South Sudan’s Fragile Peace at Risk as political rows escalate and Security Sector Reforms Lag
Recent events in South Sudan have raised concerns about the country’s ability to maintain peace and achieve genuine reconciliation. President Salva Kiir’s decision to dismiss the country’s defence minister, Angelina Teny, has been seen by some as a threat to the fragile peace process. While others believe that Kiir had consulted with former vice president Riek Machar before making the decision.
Critics have argued that Teny’s dismissal was long overdue, citing her lack of progress in implementing security sector reforms during her three years in office. Meanwhile, Kiir’s camp has accused Teny of under-performing.
One of the biggest challenges facing South Sudan is the need to complete security sector reforms, which were supposed to have been implemented during the transition period. While progress has been made in uniting 53,000 soldiers out of a total of 83,000, there is still much work to be done.
During his recent three-day visit to South Sudan, Pope Francis urged the authorities not to turn the country into a “graveyard,” warning that history would judge them for their actions. The Pope stressed the need for a fresh beginning in the process of peace and reconciliation, reminding the leaders of the impact of their decisions on future generations.
However, Machar is reportedly facing pressure from his followers to withdraw from the peace pact if Kiir continues to make unilateral choices. But political experts believe that Machar cannot afford to withdraw at this time due to the potential political ramifications.
The head of the holdout group, Gen Thomas Cirillo of the National Salvation Front, has accused the signatories of the peace agreement of illegally extending their rule for another two years without consulting the people of South Sudan. The parties agreed in August to prolong the government’s term to February 2025. According to Cirillo, the 2018 peace accord is defective and would not result in long-term peace.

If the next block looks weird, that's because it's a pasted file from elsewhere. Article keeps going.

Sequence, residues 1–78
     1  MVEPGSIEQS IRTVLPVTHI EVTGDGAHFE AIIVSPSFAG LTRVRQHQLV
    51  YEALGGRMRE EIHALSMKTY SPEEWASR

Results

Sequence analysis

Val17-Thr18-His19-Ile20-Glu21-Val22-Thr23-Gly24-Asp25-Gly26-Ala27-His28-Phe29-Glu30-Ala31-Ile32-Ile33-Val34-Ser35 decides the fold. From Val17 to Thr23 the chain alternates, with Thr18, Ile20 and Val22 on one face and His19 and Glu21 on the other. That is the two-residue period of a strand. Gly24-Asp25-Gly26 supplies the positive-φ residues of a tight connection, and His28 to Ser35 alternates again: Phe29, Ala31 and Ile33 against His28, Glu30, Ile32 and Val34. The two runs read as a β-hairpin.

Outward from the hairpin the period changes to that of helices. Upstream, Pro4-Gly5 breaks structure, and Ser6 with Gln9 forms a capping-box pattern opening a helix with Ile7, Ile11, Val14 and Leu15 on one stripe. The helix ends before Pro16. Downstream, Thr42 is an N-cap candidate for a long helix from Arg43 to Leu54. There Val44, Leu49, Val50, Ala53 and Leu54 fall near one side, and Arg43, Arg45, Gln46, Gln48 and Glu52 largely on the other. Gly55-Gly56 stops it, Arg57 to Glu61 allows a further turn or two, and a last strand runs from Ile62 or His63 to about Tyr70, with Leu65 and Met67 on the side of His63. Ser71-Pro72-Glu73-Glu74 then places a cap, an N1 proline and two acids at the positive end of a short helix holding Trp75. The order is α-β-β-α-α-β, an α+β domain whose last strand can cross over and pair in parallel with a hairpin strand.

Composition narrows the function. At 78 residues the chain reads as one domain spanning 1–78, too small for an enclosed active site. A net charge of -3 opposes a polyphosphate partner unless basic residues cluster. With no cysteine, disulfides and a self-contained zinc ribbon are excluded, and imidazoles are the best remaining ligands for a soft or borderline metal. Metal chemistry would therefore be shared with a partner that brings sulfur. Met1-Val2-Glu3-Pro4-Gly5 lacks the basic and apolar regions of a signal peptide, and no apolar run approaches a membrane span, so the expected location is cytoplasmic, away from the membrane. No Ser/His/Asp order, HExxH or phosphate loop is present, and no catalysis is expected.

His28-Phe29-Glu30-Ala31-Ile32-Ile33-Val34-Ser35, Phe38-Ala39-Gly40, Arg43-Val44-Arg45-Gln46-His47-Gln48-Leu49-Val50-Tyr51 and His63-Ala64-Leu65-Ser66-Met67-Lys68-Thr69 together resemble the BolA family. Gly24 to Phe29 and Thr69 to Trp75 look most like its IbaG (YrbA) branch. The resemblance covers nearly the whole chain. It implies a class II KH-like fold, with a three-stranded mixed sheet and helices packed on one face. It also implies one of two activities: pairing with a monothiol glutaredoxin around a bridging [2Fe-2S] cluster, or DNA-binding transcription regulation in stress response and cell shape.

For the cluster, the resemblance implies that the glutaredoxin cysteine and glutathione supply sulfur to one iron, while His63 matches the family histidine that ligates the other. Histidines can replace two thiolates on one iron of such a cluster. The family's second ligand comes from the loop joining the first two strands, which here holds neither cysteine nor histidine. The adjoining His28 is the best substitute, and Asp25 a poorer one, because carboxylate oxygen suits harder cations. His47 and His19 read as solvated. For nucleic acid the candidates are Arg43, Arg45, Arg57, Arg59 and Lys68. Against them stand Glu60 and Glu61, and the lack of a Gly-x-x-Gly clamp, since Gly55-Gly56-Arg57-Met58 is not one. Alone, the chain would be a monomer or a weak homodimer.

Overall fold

Observers are concerned about the country’s ability to hold free and legitimate elections to consolidate peace. Prerequisites for holding peaceful and credible elections include security sector reforms, IDP resettlement, refugee repatriation, a population census, constituency delimitation, and the implementation of transitional justice to hold those who committed war crimes and crimes against humanity accountable.
Impunity is a fundamental driver of the country’s human rights and humanitarian problems, according to the UN Commission on Human Rights in South Sudan. The Commission’s report highlights widespread attacks against civilians, systematic sexual violence against women and girls, the continued presence of children in fighting forces, and state-sponsored extrajudicial killings.
The Commission has called for the dismissal of relevant officials and the commencement of charges as a real show of the government’s professed commitment to peace and human rights. The 2018 Revitalized Peace Agreement, which ended a devastating civil war, remains the basis for dealing with conflict, repression, and corruption, and lays the groundwork for South Sudanese to draft a permanent constitution that would improve the rule of law and respect for human rights, creating the groundwork for national stability.
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